One may ask why I should broach a topic of this kind which for the countless times it has popped up for discussion, seems not to have been resolved to a simple conclusion. Obviously, the hip life and hi life debate isn’t one that has been easy in discussing, and it crops up anytime songs are being categorized for awards.Audio: Odo by R2Bees
As an analyst and one who has a predilection for music, I don’t just enjoy songs I listen to, but also look out for certain ingredients that make or mar a song, or those that affect the song in diverse ways.
I admire music duo R2Bees’ versatility in doing music. They are one of the few musicians who can do almost all genres of music. In fact, I was dumbfounded when I heard their “Odo” song for the first time. This is a song done in a typical Ghanaian hi life vein with archetypal hi life guitar works. The singing dexterity of Mugees is one beyond compare.
However, the song also has a portion of rap done by Paedae. Rap is the basic component of hip hop music and its variants like hip life. In fact, it is that which tells the “hipness” of a song, so that a song done in hi life fused with rap ceases to be called hi life. It was on this that Reggie Rockstone, the originator of hip life premised his hip life philosophy.
Proponents of another school of thought have argued that they would determine what genre a type of music is, by merely the instrumentation. To them, whether there is “singing” or “rap” is not their problem.
I personally, would want to use both the instrumentation and lyrical form as determinants of what genre of music a song passes for. The percentage of the singing or rap in a particular song and the basic instrumentation should determine which genre it should be. R2Bees “Odo” is simply hi life. This is because the song contains more of hi life singing on hi life instrumentation and has few lines of rap.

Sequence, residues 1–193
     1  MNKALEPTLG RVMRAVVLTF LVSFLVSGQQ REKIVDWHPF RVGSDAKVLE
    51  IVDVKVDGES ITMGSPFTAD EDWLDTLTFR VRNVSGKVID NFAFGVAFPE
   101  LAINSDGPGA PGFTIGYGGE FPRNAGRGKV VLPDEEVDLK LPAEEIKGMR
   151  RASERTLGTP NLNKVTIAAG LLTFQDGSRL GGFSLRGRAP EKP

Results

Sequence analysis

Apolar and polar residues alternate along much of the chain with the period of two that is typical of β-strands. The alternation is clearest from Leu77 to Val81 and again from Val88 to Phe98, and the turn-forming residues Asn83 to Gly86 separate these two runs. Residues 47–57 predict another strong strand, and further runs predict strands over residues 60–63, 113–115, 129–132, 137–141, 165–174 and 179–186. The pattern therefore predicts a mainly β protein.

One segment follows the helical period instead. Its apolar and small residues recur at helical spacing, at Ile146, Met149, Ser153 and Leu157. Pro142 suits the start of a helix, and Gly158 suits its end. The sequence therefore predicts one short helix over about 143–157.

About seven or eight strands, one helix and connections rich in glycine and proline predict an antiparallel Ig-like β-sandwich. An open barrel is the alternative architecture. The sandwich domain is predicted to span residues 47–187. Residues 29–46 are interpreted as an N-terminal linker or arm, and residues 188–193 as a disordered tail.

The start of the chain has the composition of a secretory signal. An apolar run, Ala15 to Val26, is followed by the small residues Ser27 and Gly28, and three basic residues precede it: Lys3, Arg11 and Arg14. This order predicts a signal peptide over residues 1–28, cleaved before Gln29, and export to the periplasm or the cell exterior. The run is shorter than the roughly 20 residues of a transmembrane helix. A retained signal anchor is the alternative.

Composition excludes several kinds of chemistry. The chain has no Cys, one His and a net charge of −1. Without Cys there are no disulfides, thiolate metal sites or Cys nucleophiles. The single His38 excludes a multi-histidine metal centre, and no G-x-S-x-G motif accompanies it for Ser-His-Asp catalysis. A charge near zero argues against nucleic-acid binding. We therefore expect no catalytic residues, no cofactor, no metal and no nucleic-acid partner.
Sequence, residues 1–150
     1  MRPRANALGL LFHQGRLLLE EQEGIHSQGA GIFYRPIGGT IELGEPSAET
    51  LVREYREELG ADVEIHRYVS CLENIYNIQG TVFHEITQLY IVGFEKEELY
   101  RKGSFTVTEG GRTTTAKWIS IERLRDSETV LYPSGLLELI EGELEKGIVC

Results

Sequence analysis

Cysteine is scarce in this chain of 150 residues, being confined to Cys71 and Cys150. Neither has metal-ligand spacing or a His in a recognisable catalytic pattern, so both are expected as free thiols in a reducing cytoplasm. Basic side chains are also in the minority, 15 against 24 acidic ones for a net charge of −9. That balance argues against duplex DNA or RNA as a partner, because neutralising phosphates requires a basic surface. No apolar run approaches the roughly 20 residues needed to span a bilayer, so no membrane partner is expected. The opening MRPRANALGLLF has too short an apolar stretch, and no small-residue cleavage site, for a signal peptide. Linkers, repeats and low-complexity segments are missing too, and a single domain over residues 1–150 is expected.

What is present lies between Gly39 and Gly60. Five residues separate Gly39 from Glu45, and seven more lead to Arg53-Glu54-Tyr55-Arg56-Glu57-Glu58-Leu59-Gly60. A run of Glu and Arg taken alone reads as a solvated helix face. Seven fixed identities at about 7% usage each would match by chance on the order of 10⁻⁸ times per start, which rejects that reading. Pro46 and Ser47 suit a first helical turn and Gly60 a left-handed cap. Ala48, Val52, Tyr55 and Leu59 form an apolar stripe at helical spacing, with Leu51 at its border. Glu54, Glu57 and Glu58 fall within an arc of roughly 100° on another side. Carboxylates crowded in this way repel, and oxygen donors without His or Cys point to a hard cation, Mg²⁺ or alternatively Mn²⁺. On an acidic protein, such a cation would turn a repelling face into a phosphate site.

Definitely if Papa Yankson does a hi life song with Sarkodie and the latter does some 10 lines of rap, constituting about 10% of the entire song, it doesn’t make it hip life. The fact that Daddy Lumba and Okyeame Kwame did a remix of ‘Enhyew’ (not sure of the apt title though) doesn’t make that song hip life. This is because the rap constitutes a meager portion of the entire song.
Whether we like it or not, this song will gain nomination in next year’s Ghana Music Awards, and I know this controversy will crop up among the committee members. For those who are already saying R2Bees “Odo” would have to compete with Asem and Kwabena Kwabena’s “Bye Bye”, rethink your posture. Asem’s song contains more rap than singing, so it is a quintessence of hip life. “Odo” on the other hand, has few lines of rap, so it is hi life.
The mere fact that a song done on hi life instrumentation has been tinged with few bars of rap doesn’t make it hip life. Whoever will be on the categorization committee of Ghana Music Awards next year should dare not put the two songs under one category. Kwabena Kwabena's "Bye Bye" hiplife while R2Bees' "Odo" is hi life.
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